The third official meeting of the Orthogonal Frequency Division Multiplexing (OFDM) Forum opens with Lee Warren, the organization's acting director, cutting straight to the chase--asking the members whether they are there to write new wireless communications standards or to rally around existing standards.
Nobody has to be coaxed into voicing an opinion. "We will not develop a new, separate standard for fixed wireless," says Nico van Waes, a Dutchman representing the technology interests of Finnish wireless giant Nokia from an office in Mountain View, Calif. "There are enough standards already for vertical markets that have yet to be established," says Benno Ritter, Palo Alto, Calif.-based vice president marketing, for Sican GmbH of Hannover, Germany. Phil Barber, CEO of Dallas-based 4G Network Technologies, points out that there are no standards for public mobile networks--should there be a new working group to discuss them?
Warren, whose day job is vice president of business development for Calgary, Canada-based Wi-LAN Inc., which makes and licenses something called Wideband Orthogonal Frequency Division Multiplexing (W-OFDM), lets the attention shift from the lectern to the audience. While one attendee speaks, two others huddle, murmuring urgently. They nod, and one of them rises to speak next. "Will the group led by Cisco merge with another group led by Nortel? That's an issue. We won't compromise on standards simply to merge."
Later that morning, the Fixed Wireless Access working group has a breakout meeting to discuss the details of a proposal they intend to present at the Institute of Electrical and Electronics Engineers (IEEE) meeting. The OFDM Forum is meeting at the Radisson Riverwalk Hotel in Tampa on Nov. 3 and 4 precisely because the IEEE's meeting on Local Computer Networks will be opening a few days later just a few blocks down the street.
Why a Meeting? The meeting is the brainchild of Warren's boss, Wi-LAN Chairman and CEO Hatim Zaghloul, and Krusat Kimyacioglu, manager of wireless connectivity products for Philips Semiconductors. Philips licenses Wi-LAN's Wideband OFDM technology. They decided an open organization devoted to supporting a universal OFDM standard was necessary for two reasons: One, they knew that if OFDM splintered into competing standards, it would fail. They wanted to unify the standard, which would help bring the technology to market faster. Two, they were disturbed when Cisco Systems started an organization called the VOFDM Alliance to promote its own Vector OFDM technology. In late 1999, Cisco said that it had OFDM-based products ready to ship (they did ship products, but only for trials--a contentious issue, to say the least).
Organizing an open forum was necessary, reasoned Zaghloul and Kimyacioglu, because a large, participatory meeting was probably the best way to develop and support a true industry-wide standard for OFDM-based products. Besides, neither tiny Wi-LAN ($3.9 million annual revenue in 1999) nor Philips (a hardware company) was in any position to take on Cisco alone.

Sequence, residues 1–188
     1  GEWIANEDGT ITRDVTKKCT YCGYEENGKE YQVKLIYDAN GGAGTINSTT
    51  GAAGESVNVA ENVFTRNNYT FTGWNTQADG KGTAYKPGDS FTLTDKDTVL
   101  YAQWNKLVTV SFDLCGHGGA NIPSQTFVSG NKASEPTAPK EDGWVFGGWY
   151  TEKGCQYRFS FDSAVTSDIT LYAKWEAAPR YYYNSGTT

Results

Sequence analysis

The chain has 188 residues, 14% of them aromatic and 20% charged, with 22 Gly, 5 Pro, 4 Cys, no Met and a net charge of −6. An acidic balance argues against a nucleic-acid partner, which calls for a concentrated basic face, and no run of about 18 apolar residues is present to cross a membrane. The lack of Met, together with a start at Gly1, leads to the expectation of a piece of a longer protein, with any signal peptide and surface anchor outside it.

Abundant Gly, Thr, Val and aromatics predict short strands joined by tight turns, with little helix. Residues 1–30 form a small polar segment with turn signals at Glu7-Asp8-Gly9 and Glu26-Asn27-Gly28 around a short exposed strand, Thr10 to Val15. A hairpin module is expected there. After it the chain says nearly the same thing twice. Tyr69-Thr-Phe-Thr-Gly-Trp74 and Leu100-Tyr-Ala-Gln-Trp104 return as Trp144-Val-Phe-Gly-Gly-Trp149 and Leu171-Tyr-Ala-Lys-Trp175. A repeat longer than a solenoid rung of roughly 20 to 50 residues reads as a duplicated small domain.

The forum began following a meeting called by Wi-LAN and Philips in December 1999. At that meeting, 101 representatives from 60 companies agreed with Zaghloul and Kimyacioglu that the establishment of an industry organization to promote harmonization of standards was a good idea, and thus the forum was born. Its first official meeting was March 14, 2000, at the Broadband Wireless World Forum in San Francisco. It met again on July 13 and 14 in Calgary, and after this session, which drew about 100 people to Tampa, it will meet next in February 2001.
Consensus Not Promotion For a technology industry meeting, the OFDM Forum's origins seem more political than technological, in the sense that it is more a call to rally around a cause than it is to promote a technology. That, according to Warren, is exactly the point.
"This is not a promotion of Wi-Lan's technology," Warren insists. "This organization's purpose is to establish a single, compatible, global standard for OFDM technology in wireless applications. Some of the members may end up doing business with each other, but right now, things are very much in the formative stage. We're here to agree upon what the technology should be, and what it should be doing." She is the keeper of the flame of the meeting's strategy: This is to be an industry organization meeting, not a Wi-LAN meeting.
According to its charter, forum membership is open to any organization that is, or will be, engaged in research, development, and/or manufacture of OFDM products. Software firms or other users of OFDM products that are interested in developing and improving OFDM technology and standards are also welcome to join. Perhaps the most important public stance of the forum is that being a member does not require support of OFDM standards to the exclusion of other standards. For Wi-LAN, in particular, this is critical: The company must not be seen to be using the forum simply as a way to promote its own products--a policy Warren rigorously enforces.